Lies, damned lies, and statistics: An empirical investigation of the concept of lying

Adam J. Arico, Don Fallis

Research output: Contribution to journalArticle

16 Scopus citations

Abstract

There are many philosophical questions surrounding the notion of lying. Is it ever morally acceptable to lie? Can we acquire knowledge from people who might be lying to us? More fundamental, however, is the question of what, exactly, constitutes the concept of lying. According to one traditional definition, lying requires intending to deceive (Augustine. (1952). Lying (M. Muldowney, Trans.). In R. Deferrari (Ed.), Treatises on various subjects (pp. 53-120). New York, NY: Catholic University of America). More recently, Thomas Carson (2006. The definition of lying. Nous, 40, 284-306) has suggested that lying requires warranting the truth of what you do not believe. This paper examines these two prominent definitions and some cases that seem to pose problems for them. Importantly, theorists working on this topic fundamentally disagree about whether these problem cases are genuine instances of lying and, thus, serve as counterexamples to the definitions on offer. To settle these disputes, we elicited judgments about the proposed counterexamples from ordinary language users unfettered by theoretical bias. The data suggest that everyday speakers of English count bald-faced lies and proviso lies as lies. Thus, we claim that a new definition is needed to capture common usage. Finally, we offer some suggestions for further research on this topic and about the moral implications of our investigation into the concept of lying.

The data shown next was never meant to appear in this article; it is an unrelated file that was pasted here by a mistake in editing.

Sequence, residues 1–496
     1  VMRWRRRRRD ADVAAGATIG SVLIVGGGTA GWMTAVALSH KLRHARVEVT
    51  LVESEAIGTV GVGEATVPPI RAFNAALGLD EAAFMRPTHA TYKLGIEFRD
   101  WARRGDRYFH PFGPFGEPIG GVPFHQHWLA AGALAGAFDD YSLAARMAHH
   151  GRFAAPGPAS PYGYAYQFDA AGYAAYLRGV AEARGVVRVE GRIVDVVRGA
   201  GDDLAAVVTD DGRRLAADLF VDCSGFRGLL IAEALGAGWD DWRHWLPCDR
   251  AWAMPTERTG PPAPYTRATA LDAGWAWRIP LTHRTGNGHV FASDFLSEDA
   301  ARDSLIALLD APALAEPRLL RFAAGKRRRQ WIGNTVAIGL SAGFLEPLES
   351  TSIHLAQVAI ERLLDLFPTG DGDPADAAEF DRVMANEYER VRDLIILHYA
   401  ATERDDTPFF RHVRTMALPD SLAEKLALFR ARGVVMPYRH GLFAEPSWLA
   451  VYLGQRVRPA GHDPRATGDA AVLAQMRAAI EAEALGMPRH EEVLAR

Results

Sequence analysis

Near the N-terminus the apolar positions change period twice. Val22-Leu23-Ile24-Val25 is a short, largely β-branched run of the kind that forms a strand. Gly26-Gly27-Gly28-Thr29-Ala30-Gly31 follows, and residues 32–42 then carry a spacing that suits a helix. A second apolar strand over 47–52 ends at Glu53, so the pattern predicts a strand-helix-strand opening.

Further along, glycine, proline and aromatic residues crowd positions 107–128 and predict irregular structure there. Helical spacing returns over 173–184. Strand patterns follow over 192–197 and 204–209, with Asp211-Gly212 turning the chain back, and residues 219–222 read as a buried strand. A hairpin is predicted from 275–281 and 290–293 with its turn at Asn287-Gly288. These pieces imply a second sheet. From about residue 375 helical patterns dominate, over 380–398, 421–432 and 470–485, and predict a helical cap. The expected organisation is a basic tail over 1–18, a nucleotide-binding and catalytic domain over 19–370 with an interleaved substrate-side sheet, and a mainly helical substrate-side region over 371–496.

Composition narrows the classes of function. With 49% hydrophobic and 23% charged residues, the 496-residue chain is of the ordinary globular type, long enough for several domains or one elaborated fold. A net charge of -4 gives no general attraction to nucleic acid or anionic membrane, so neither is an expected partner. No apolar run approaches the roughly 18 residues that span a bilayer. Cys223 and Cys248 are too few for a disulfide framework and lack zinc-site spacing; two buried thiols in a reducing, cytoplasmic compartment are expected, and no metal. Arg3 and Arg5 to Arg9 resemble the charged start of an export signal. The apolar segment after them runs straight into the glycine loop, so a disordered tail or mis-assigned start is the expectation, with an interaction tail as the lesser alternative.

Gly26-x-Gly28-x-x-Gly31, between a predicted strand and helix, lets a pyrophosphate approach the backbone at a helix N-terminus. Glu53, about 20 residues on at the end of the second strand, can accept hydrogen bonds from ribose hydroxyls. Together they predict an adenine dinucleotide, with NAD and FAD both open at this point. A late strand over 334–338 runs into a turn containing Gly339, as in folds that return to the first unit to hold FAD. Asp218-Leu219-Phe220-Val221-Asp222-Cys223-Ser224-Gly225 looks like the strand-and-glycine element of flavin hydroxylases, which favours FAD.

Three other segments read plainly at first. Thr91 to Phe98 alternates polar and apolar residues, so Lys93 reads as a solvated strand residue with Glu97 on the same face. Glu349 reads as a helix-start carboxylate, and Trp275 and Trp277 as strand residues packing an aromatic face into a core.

Original languageEnglish (US)
Pages (from-to)790-816
Number of pages27
JournalPhilosophical Psychology
Volume26
Issue number6
DOIs
StatePublished - Dec 1 2013

Keywords

  • Conceptual Analysis
  • Experimental Philosophy
  • Lying

ASJC Scopus subject areas

  • Applied Psychology
  • Philosophy

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